Cuba hits back at Trump for resorting to ‘coercive methods of the past’
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The Cuban government has denounced US President Donald Trump's decision to tighten the blockade on the island as a setback in US-Cuban relations, but said it remained willing to continue "respectful dialogue”.
The US president announced on Friday he was reimposing certain travel and trade restrictions eased by his predecessor, Barack Obama, condemning a "completely one-sided deal".
But he stopped short of reversing key diplomatic and commercial ties reinstated two years ago.
In a statement read out on the evening news shortly after, Cuba’s Communist government said Trump was resorting to "coercive methods of the past" that hurt the Cuban people and prevented economic development but would not weaken the revolution.
"The Cuban government denounces the new measures hardening the blockade that are destined to fail ... and that will not achieve their aim of weakening the revolution," Havana said.
Trump has ordered tighter restrictions on Americans traveling to Cuba and a clampdown on US business dealings with the Cuban military.
He said he based the measures largely on human rights grounds, calling on Cuba to release political prisoners and hold free and fair elections.
Though Trump’s announcement stops short of a full reversal of the Cuba rapprochement, it targets the travel and economic engagement between the countries that has blossomed in the short time since relations were restored.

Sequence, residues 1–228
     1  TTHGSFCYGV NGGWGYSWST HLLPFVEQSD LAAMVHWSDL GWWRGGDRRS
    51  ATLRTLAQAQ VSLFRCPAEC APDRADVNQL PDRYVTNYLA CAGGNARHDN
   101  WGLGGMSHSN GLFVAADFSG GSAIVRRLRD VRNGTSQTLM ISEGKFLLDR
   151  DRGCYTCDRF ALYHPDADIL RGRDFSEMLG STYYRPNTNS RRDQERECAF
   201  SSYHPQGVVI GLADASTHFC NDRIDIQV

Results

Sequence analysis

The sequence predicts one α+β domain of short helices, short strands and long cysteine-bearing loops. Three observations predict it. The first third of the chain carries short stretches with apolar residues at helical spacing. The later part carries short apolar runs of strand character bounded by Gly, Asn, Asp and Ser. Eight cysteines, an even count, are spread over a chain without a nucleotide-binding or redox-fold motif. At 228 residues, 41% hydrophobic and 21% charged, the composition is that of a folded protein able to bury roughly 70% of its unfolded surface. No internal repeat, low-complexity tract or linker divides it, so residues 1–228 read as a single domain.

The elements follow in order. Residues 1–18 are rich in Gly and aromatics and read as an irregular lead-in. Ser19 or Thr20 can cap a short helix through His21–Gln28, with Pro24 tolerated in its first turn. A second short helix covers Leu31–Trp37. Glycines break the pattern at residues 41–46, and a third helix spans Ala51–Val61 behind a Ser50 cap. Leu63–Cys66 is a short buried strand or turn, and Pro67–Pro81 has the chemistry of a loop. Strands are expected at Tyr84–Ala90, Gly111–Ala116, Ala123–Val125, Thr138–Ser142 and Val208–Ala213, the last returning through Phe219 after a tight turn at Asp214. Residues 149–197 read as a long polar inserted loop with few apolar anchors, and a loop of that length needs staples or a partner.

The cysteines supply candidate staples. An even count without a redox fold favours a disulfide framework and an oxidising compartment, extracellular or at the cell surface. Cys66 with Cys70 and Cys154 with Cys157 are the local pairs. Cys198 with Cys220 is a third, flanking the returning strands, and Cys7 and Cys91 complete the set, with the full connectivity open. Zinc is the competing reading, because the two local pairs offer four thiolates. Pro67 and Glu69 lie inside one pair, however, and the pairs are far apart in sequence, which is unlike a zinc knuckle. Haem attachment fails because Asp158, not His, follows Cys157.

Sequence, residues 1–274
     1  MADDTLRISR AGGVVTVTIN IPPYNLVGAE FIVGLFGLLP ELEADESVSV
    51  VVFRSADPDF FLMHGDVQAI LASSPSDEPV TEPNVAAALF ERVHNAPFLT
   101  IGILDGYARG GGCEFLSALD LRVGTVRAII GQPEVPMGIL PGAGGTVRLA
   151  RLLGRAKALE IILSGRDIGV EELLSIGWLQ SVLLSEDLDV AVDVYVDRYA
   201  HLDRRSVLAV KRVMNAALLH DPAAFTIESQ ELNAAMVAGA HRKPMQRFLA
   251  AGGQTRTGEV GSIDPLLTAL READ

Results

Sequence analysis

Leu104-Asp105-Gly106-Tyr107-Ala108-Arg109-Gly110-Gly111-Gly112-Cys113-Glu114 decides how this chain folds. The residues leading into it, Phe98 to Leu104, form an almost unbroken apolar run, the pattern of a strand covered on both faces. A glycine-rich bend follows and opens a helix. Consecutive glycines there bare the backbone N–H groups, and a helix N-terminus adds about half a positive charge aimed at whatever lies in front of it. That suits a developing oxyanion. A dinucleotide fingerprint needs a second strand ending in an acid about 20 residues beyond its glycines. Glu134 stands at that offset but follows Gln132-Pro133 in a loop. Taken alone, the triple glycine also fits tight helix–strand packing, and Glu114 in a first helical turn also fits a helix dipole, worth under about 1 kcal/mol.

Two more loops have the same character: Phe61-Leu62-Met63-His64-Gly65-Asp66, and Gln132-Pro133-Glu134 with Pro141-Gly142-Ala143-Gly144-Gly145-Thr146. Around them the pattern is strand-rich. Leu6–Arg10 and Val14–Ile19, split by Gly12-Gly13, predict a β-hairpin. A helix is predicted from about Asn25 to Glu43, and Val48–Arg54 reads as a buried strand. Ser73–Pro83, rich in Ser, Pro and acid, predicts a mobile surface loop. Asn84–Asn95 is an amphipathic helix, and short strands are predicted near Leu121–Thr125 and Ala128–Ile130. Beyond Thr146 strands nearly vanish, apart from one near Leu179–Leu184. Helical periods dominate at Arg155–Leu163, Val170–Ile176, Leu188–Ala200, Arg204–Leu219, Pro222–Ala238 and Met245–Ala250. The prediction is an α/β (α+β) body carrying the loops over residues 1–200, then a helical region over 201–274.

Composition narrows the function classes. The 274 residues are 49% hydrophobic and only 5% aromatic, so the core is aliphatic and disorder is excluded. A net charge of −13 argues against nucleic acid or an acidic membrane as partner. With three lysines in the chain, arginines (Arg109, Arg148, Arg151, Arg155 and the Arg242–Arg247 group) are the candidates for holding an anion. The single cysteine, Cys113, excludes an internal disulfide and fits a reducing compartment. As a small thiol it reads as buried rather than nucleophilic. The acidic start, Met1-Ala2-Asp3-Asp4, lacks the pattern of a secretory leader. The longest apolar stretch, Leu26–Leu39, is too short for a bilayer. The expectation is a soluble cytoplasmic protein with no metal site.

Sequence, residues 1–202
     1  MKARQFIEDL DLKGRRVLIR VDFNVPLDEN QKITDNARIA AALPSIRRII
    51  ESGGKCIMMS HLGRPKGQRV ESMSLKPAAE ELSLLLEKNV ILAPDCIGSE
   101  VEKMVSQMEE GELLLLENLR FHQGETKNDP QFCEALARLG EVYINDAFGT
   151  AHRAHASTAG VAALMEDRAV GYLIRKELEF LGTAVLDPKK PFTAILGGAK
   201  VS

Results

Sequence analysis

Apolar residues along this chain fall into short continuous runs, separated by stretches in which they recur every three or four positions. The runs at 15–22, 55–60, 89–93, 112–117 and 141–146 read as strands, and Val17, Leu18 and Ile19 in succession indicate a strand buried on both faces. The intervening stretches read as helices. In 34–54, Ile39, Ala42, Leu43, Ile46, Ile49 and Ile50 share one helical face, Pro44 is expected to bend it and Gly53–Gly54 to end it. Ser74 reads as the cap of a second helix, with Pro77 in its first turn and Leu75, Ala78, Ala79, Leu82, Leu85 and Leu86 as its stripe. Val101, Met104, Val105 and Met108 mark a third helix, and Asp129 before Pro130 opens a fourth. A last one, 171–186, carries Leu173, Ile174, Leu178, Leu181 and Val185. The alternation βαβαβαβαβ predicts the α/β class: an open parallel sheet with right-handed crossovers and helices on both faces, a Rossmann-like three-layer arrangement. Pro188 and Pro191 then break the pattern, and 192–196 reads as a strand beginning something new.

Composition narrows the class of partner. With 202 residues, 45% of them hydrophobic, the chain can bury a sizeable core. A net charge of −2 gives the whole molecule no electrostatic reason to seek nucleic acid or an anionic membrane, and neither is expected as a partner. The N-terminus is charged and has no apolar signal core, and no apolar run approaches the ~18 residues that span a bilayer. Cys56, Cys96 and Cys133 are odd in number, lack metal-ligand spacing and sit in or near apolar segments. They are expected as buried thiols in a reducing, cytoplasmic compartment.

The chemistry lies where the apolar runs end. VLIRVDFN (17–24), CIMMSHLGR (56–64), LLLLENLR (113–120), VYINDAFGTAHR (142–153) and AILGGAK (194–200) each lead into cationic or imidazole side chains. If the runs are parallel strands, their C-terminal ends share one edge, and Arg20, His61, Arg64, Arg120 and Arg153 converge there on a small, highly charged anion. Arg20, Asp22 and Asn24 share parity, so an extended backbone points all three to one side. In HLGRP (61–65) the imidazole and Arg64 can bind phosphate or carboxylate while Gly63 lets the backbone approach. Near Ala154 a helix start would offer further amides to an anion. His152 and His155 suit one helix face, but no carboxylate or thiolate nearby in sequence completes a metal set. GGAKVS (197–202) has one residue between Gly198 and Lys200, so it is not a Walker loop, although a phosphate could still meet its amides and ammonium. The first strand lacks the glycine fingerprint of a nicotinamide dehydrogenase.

The US president described his move as an effort to ramp up pressure to create a “free Cuba” after more than half a century of communism.
Cuba charged Trump with manipulating the topic for "political ends", adding that the United States was not in a position to give lessons on human right given its own domestic problems.
"We have serious worries about the respect and guarantee of human rights in that country," Havana said, citing reports of police abuse, gun crime, racial discrimination, lack of public healthcare, gender-based wage inequality and torture at the Guantanamo Naval base.
On a positive note, the Cuban government said the two countries had proven over the past two years that they could cooperate and coexist in a civil manner, respecting their respective differences.
"But it should not be expected that to that end, Cuba will make compromises to its very sovereignty," it said. "The Cuban people will continue deciding itself on the changes necessary for Cuba."
(FRANCE 24 with AP)